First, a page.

And then there’s the human race. If a butterfly can cause a tornado, what can humans cause with their boundlessly reckless disturbances of initial conditions?

Understanding how it all fits together is a relatively new field called Earth system science. Earth system scientists work on building and fine-tuning mathematical models (computer programs) that describe the complex inter-relationships of Earth’s carbon, water, energy, and trace gases as they are exchanged between the terrestrial biosphere and the atmosphere.  Ultimately, they hope to understand Earth as an integrated system, and model changes in climate over the next 50-100 years.  The better the models, the more accurate and detailed will be the image in the crystal ball.

NASA’s Earth System Science program provides real-world data for these models via a swarm of Earth-observing satellites.  The satellites, which go by names like Terra and Aqua, keep an eye on Earth’s land, biosphere, atmosphere, clouds, ice, and oceans.  The data they collect are crucial to the modeling efforts.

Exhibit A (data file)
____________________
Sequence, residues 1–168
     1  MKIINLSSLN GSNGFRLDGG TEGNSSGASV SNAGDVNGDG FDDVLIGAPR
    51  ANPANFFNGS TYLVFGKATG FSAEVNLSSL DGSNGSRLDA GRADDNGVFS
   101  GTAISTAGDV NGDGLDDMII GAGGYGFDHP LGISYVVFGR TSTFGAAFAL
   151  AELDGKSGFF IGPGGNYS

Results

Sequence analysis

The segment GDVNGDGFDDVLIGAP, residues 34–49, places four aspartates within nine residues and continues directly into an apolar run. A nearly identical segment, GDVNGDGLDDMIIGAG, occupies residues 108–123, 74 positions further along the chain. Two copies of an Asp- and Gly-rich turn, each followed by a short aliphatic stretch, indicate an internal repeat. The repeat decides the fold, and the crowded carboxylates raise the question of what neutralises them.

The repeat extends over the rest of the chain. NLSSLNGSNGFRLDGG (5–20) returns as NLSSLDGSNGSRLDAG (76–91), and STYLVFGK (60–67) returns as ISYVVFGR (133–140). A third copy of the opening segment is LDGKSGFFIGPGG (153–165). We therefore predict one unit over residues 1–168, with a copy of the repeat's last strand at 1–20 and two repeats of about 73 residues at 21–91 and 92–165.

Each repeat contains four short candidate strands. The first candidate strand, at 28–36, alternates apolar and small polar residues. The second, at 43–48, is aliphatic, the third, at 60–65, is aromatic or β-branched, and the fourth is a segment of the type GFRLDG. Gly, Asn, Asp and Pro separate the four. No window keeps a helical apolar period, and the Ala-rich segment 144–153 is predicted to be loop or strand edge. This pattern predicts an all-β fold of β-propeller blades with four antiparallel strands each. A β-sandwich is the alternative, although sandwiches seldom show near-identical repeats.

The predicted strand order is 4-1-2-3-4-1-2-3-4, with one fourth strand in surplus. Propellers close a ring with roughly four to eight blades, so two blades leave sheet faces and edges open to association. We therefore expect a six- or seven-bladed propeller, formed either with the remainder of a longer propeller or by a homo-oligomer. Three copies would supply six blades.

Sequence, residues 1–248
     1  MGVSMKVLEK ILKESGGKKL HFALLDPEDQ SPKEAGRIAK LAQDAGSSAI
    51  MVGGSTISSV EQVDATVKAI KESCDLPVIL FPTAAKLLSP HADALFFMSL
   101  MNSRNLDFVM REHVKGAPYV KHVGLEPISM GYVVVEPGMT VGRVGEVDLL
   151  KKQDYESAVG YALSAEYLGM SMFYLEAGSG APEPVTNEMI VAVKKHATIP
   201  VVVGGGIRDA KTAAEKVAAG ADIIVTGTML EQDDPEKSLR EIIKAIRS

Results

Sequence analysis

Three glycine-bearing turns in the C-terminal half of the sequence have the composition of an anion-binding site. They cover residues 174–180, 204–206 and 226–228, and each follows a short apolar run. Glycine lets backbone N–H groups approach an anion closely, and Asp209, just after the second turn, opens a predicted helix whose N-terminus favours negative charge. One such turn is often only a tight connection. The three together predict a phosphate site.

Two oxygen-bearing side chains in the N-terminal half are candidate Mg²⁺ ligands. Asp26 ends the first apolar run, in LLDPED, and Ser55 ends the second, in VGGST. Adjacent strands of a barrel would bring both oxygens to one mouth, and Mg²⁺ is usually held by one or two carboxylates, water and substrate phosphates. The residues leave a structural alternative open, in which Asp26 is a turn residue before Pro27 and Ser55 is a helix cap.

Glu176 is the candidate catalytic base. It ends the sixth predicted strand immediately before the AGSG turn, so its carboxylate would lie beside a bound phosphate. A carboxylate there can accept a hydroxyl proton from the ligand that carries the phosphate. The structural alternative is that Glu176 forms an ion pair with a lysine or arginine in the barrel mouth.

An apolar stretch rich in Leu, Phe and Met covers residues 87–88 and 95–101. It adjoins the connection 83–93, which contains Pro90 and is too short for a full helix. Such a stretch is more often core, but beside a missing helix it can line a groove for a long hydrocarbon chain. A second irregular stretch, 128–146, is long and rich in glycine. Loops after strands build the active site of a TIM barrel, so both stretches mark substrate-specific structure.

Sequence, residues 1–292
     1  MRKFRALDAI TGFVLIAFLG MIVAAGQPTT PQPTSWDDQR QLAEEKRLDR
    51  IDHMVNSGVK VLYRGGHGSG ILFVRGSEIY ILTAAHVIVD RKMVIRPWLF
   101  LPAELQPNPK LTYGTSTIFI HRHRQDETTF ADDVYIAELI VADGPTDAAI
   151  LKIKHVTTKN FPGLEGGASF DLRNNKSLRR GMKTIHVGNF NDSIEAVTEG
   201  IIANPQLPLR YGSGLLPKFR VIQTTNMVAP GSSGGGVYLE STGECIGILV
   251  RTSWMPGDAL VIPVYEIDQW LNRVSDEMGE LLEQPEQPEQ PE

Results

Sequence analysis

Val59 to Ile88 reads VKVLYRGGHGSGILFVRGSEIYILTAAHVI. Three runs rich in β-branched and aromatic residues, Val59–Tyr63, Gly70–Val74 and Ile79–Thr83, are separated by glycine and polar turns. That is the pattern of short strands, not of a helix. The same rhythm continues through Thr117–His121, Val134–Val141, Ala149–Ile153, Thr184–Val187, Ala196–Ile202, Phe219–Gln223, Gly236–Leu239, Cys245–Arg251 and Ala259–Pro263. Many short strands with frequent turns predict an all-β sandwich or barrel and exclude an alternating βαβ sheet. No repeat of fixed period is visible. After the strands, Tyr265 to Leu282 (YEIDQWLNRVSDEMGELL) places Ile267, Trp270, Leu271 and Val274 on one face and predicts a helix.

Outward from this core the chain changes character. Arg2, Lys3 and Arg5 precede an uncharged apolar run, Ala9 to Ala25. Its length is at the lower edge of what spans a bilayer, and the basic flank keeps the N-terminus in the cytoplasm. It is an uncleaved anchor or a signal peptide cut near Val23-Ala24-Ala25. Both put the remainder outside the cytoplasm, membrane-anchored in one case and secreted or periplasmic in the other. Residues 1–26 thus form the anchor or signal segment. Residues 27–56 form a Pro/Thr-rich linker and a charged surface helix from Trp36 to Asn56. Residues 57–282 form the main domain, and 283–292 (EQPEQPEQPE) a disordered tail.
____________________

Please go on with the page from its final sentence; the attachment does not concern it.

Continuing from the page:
Some models aim to predict short-term effects—in other words, weather.  They may become part of severe weather warning systems and actually save lives. Other models aim to predict long-term effects—or climate.  But, long-term predictions are much more difficult and much less likely to be believed by the general population, since only time can actually prove or disprove their validity.  After all, small errors become large errors as the model is left to run into the future.  However, as the models are further validated with near- and longer-term data, and as different models converge on a common scenario, they become more and more trustworthy to show us the future while we can still do something about it—we hope.

For a listing and more information on each of NASA’s (and their partners’) Earth data-gathering missions, visit http://science.hq.nasa.gov/missions/earth.html.  Kids can get an easy introduction to Earth system science and play Earthy word games at http://spaceplace.nasa.gov/en/kids/earth/wordfind.